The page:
Understanding Plantar Fasciitis: Causes, Symptoms, and Treatment Options

When it comes to taking care of yourself, your feet can often get overlooked. That is, until they become painful. Then, day-to-day things like going to the grocery store, taking a walk with a friend, or even going to work can be a new-found hassle. While there are numerous causes of foot pain, plantar fasciitis is the leading cause in adults, with 1 in 10 experiencing it at some point in their life. When your daily life becomes more about surviving than thriving because of plantar fasciitis, The Orthopaedic Center is ready to partner with you to get you back on your feet – from finding the cause of your pain to making a personalized treatment plan.

Causes of Plantar Fasciitis

The plantar fascia is like a rubber band that runs along the bottom of the foot, connecting between the toes to the heel. It provides support to the arch of the foot, cushioning it with any weight-bearing activity. When the plantar fascia becomes inflamed or irritated, the condition is known as plantar fasciitis. Plantar fasciitis generally develops gradually over time, rather than all at once. Plantar fasciitis can linger for months if not treated, but the condition is treatable and even preventable with the right medical care from the highly trained Foot and Ankle Experts at The Orthopaedic Center.

While the cause of plantar fasciitis is not completely known, there are clear contributing factors. Plantar fasciitis is more common in women, those with low or high arches, and those over 40 years old. If you have a job that requires you to be on your feet a lot such as being a nurse or teacher, you may also be at higher risk.

While being obese or living an inactive lifestyle can also contribute to plantar fasciitis, jumping into a workout routine if you’ve been previously sedentary can also inflame the fascia.

Having weak muscles that surround your arches or tight Achilles tendons or calf muscles can also be a pain generator. While you may think the foot is the only area that could have mechanical problems because that’s where you’re feeling the plantar fasciitis-related pain, the bottom of the calf and the Achilles tendon connect to the heel, meaning a larger area of your lower body could be contributing to how you feel.

While numerous factors could contribute to pain, you need to find the root cause for you. It’s important to be diagnosed by a board-certified professional in the field as plantar fasciitis can also mimic other conditions, such as stress fractures or tarsal tunnel syndrome, and even certain autoimmune disorders.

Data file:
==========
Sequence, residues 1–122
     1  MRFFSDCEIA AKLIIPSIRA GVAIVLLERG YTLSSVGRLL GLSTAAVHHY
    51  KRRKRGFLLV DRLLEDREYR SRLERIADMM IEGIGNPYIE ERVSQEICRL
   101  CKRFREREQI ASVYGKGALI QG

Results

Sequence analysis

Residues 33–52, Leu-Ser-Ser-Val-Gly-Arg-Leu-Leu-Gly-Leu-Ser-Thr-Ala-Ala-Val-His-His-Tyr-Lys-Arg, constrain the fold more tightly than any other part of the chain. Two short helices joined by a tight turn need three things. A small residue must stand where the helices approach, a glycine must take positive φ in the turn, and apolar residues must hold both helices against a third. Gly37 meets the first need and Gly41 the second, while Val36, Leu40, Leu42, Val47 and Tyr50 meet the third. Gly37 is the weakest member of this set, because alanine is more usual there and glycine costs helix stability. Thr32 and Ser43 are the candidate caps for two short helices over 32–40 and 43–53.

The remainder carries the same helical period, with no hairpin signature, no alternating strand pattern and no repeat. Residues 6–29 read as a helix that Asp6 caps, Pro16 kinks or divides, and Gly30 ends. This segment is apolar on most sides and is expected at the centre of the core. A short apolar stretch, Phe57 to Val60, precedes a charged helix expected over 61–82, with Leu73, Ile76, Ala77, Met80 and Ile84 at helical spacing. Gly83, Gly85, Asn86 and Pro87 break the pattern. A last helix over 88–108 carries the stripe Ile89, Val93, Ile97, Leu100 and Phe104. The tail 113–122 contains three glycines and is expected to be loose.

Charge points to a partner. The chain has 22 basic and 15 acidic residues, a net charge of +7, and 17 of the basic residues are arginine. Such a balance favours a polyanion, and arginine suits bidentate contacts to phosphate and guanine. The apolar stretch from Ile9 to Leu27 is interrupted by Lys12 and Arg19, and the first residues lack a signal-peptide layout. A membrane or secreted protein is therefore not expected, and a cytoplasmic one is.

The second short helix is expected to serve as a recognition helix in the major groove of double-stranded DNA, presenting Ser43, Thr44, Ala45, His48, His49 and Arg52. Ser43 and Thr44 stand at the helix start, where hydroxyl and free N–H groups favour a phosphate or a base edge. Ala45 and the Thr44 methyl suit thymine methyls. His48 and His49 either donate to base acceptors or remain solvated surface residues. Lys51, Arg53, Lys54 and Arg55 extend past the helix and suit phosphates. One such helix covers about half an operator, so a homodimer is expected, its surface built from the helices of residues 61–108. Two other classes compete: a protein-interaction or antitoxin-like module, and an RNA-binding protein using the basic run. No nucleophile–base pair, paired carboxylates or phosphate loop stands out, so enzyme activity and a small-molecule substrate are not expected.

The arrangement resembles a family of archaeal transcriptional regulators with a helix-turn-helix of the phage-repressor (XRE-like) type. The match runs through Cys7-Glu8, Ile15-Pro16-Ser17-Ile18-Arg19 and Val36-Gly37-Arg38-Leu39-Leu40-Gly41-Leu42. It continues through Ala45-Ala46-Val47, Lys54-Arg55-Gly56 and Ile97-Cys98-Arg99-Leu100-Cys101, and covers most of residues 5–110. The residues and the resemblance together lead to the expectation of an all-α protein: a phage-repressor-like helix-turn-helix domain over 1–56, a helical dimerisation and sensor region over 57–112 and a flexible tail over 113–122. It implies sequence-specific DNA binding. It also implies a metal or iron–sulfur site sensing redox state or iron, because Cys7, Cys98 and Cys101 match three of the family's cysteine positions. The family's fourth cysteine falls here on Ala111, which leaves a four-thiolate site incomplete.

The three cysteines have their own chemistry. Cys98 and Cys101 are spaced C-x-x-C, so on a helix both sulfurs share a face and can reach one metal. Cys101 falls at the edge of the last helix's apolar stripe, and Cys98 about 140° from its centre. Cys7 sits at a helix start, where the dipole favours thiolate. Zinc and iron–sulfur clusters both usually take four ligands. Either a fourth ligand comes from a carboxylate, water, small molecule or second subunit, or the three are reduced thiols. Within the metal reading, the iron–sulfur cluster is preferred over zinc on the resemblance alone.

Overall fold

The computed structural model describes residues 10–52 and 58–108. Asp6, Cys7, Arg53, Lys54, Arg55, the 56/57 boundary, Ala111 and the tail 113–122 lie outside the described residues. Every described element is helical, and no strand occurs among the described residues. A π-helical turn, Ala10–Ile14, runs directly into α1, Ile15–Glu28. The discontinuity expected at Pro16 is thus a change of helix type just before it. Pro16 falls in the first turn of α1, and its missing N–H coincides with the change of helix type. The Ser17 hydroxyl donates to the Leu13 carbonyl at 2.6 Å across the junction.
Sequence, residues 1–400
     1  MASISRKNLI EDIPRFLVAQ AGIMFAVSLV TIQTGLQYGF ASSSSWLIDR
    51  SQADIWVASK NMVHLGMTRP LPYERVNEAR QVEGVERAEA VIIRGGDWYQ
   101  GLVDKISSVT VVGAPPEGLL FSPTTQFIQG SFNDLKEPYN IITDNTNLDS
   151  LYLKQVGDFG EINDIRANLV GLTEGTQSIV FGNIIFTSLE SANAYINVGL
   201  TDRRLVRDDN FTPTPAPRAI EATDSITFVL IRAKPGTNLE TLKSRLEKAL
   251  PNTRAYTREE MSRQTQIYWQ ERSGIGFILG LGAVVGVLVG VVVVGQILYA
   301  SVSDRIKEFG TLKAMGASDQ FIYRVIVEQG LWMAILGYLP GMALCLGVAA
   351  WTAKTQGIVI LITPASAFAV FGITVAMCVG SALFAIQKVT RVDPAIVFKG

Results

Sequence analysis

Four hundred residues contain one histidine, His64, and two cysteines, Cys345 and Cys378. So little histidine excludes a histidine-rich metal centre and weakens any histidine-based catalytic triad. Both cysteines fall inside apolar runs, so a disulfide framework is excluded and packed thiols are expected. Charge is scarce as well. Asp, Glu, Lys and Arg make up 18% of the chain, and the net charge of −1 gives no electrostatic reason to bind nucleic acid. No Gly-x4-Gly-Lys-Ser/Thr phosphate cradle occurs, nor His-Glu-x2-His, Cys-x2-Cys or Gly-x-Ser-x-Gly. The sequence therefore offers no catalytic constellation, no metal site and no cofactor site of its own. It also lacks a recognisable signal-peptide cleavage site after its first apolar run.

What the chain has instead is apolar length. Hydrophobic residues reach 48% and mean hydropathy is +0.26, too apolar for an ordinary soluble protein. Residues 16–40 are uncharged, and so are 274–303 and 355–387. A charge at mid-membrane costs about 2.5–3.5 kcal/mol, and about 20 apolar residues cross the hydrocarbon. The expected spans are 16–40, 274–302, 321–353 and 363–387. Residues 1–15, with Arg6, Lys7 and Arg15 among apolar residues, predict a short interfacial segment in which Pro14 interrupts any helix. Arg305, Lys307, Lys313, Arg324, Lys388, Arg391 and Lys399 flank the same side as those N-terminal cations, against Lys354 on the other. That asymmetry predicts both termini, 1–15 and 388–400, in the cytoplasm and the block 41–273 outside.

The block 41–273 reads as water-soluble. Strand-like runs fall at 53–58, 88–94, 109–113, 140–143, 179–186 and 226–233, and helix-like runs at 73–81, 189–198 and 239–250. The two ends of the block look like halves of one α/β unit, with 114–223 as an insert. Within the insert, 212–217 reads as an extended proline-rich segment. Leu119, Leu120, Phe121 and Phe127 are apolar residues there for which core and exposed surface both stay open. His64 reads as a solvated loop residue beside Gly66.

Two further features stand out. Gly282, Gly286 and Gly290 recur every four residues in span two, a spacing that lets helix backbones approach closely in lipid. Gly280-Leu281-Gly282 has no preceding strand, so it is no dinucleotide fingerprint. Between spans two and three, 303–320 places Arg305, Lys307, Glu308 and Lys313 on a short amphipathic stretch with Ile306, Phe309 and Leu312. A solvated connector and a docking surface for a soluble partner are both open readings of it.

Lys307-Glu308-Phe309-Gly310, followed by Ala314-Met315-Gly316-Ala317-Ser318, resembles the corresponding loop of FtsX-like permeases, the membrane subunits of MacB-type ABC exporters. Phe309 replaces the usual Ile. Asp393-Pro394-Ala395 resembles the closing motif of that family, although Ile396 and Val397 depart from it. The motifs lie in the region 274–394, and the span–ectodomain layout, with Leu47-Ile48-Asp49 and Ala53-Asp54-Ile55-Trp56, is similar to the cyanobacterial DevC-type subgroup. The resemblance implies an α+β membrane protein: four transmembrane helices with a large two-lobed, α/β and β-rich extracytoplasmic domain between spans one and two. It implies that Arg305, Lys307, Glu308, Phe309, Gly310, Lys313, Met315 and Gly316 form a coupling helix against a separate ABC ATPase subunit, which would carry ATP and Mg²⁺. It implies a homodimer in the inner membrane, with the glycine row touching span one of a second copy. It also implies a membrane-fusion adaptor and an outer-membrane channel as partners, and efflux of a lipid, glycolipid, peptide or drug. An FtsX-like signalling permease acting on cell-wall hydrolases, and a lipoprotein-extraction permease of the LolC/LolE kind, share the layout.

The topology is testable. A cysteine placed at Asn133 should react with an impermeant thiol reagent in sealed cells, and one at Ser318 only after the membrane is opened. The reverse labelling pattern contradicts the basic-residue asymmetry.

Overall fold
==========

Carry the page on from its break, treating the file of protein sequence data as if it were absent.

Symptoms of Plantar Fasciitis

The mainstay of plantar fasciitis symptoms is pain in your heels or arches of your feet, often described as a burning or stabbing-like sensation. You may particularly notice this pain first thing in the morning when getting out of bed, or when getting back on your feet after sitting for a while. But, depending on how progressed the plantar fasciitis is, movement may actually alleviate symptoms.

You may also notice your heels swelling more than usual, or your Achilles tendon being tighter or harder to stretch out.

Treatment Options

The good news is that if you have plantar fasciitis, there are numerous treatment options available. First, you could try getting fitted for shoes with proper arch support. Rest, Ice, Compression, and Elevation (“RICE” for short) could also help. Try freezing a water bottle and rolling it under your foot or stretching your lower body, particularly through your calves. Be sure to hold the stretch for long enough (at least 30 seconds) and repeat often (three times daily).

Orthotics, splints, or physical therapy (PT) may also be recommended. No need to go elsewhere for PT – the physical therapists at The Orthopaedic Center work alongside our physicians to create a streamlined treatment plan you’ve likely never experienced before in orthopaedic care.

Other medical treatments could include corticosteroids or anti-inflammatories as prescribed by our physicians. If these options do not improve your symptoms, surgery can be performed to release tension that’s built up over the fascia. The physicians at The Orthopaedic Center are well-versed in rigorous plantar facial and gastrocnemius stretching programs for non-operative treatment of plantar fasciitis as well as outpatient procedures for plantar fasciitis relief.

The Orthopaedic Center: Making Plantar Fasciitis a Thing of the Past

Our world-class Foot and Ankle physicians at The Orthopaedic Center are experts in the management of numerous painful foot and ankle conditions, including the ever-common plantar fasciitis. If you’re interested in finding relief from plantar fasciitis, please click here to request an appointment today.